Fueling Sustainable Development for Women and Girls with Clean Cookstoves

From May 16 to 19 this year, advocates from around the world are coming together in Copenhagen for the Women Deliver conference. As they work to improve the lives of women and girls, we’re spotlighting their work and experiences here on the Ms. blog.

This week nearly 6,000 people gathered in Copenhagen to attend Women Deliver, the largest conference on the health, rights, and wellbeing of girls and women in the last decade and the first major global gathering focused on women and girls since the adoption of the Sustainable Development Goals (SDGs). This event provided an opportunity for the global gender community to come together to discuss how to fund, implement, and evaluate approaches that will ensure that the SDGs are met for women and girls all over the world.

It brought together an impressive group of world leaders, national champions, and stakeholders from a wider-angle of countries and sectors, including maternal health, political participation, sexual and reproductive rights, climate change, and education. It even garnered major commitments, like the one from Melinda Gates, who announced an investment of $80 million to collect data on the gender gap.

As the global development community prioritizes a broad range of interventions to ensure that women and girls are able to thrive, they cannot forget about how access to energy drastically impacts the lives of women and girls. It may seem obvious, but every person everywhere needs to eat cooked food and when families do not have access to clean cookstoves and fuels, it is women and girls who suffer most.

There are dire health, environmental, and socio-economic consequences for the nearly 3 billion people who rely on biomass for cooking and breath in toxic cooking smoke. This daily exposure is one of the world’s biggest killers, particularly for girls and women in the developing world – 4.3 million people die prematurely each year. Additionally, access to clean cooking solutions can significantly reduce time poverty for women and girls who spend many hours each day collecting fuel and cooking. With this freed time, they can pursue education, income generation, or social opportunities.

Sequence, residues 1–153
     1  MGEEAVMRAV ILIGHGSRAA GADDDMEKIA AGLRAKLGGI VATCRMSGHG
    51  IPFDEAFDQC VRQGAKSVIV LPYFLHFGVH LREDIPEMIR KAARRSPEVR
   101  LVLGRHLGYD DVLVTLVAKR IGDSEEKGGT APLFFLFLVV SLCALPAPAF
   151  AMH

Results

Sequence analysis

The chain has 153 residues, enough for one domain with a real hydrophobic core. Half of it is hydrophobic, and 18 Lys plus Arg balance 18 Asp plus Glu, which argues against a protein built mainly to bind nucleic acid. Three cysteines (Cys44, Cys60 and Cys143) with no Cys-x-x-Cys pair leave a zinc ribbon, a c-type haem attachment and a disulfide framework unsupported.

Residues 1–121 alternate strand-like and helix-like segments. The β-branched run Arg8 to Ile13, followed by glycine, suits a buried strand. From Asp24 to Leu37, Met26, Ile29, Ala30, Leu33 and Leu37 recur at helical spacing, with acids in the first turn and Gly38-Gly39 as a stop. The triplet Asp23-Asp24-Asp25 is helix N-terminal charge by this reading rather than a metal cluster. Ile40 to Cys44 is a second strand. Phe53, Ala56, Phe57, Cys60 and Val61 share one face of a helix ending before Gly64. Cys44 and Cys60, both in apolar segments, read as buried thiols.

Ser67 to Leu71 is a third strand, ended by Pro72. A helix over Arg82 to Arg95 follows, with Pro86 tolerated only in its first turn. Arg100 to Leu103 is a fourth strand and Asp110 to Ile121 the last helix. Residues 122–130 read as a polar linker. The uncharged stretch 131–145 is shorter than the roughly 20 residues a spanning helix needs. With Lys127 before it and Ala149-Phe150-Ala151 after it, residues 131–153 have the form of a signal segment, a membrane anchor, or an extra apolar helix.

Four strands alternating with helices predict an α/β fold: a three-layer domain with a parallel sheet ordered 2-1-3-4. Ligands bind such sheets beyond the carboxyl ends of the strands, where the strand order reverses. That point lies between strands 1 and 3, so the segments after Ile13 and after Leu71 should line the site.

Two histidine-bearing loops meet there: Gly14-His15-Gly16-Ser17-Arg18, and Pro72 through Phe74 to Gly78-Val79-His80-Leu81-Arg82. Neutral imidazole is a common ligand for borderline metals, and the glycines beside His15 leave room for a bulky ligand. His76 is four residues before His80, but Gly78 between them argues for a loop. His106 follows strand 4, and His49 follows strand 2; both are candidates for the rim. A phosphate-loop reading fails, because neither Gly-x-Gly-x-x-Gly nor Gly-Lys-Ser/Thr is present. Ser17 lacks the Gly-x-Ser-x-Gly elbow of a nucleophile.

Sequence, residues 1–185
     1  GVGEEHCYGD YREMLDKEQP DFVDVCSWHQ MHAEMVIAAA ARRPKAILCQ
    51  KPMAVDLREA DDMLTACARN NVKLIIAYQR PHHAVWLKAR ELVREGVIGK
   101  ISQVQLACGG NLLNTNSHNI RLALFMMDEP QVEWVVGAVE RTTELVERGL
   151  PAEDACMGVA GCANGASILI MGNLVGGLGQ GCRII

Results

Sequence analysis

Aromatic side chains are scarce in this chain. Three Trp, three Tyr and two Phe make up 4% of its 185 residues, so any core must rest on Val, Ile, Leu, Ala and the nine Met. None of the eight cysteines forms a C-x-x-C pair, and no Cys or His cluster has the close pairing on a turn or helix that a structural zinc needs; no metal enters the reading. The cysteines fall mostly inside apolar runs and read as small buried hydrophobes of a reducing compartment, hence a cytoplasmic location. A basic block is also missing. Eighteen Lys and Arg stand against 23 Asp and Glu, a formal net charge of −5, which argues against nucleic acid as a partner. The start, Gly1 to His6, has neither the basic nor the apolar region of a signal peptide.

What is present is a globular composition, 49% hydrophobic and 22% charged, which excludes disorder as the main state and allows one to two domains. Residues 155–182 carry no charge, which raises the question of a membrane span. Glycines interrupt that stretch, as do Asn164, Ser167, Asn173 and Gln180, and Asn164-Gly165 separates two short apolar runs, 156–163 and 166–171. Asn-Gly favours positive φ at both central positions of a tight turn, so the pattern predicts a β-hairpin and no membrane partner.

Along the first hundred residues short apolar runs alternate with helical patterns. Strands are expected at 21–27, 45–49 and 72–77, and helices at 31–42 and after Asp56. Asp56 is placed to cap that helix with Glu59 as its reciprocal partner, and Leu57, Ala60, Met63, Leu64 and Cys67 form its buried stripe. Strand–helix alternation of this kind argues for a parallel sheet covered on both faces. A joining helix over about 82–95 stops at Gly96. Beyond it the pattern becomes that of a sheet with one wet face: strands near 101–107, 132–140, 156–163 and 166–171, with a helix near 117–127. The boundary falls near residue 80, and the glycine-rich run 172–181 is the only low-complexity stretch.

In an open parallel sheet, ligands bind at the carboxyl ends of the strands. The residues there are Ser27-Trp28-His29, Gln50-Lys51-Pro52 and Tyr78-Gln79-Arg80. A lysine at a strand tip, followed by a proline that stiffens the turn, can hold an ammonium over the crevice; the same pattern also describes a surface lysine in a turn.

The situation is even worse for crisis-affected women who sometimes walk for hours to find firewood, which increases their vulnerability to gender-based violence and physical injuries. And, as the world continues to see the impacts from climate change, women and girls are forced to walk even further to collect fuel or use even more toxic fuels, such as trash.

While women benefit significantly from access to household energy, they are also central to the success of clean cooking interventions. They can catalyze the market as clean energy entrepreneurs and lead efforts that develop effective and sustainable solutions. They are not just victims—they are change agents whose involvement will determine the realization of the goal to achieve sustainable energy for all.

Increasing access to clean and efficient cookstoves and fuels can deliver dramatic gender impacts, while also improving health, protecting the environment, and enhancing livelihoods—all of which help to achieve multiple SDGs. Women Deliver was an excellent opportunity to encourage policymakers, donors, and implementers to ensure that clean cooking remains a priority and is fully integrated into the global gender agenda. Energy access and gender equality are too often thought of as unrelated goals and discussions at Women Deliver helped continue the shift in thinking about energy access and its critical role in driving gender equality.

Photo courtesy of Engineering for Change on Flickr and licensed via Creative Commons 3.0.



Corinne Hart is the Director of Gender & Humanitarian Programs for the Global Alliance for Clean Cookstoves. Prior to her work on increasing access to energy and clean cooking technology in the developing world at the UN Foundation, she worked in the Capitol Hill office of California Congresswoman Grace Napolitano, was a corps member of Teach for America teaching special education in New York City and taught at an orphanage in Sucre, Bolivia. She has a Bachelor’s in Critical Gender Studies and Political Science and a Master’s of Science in Education.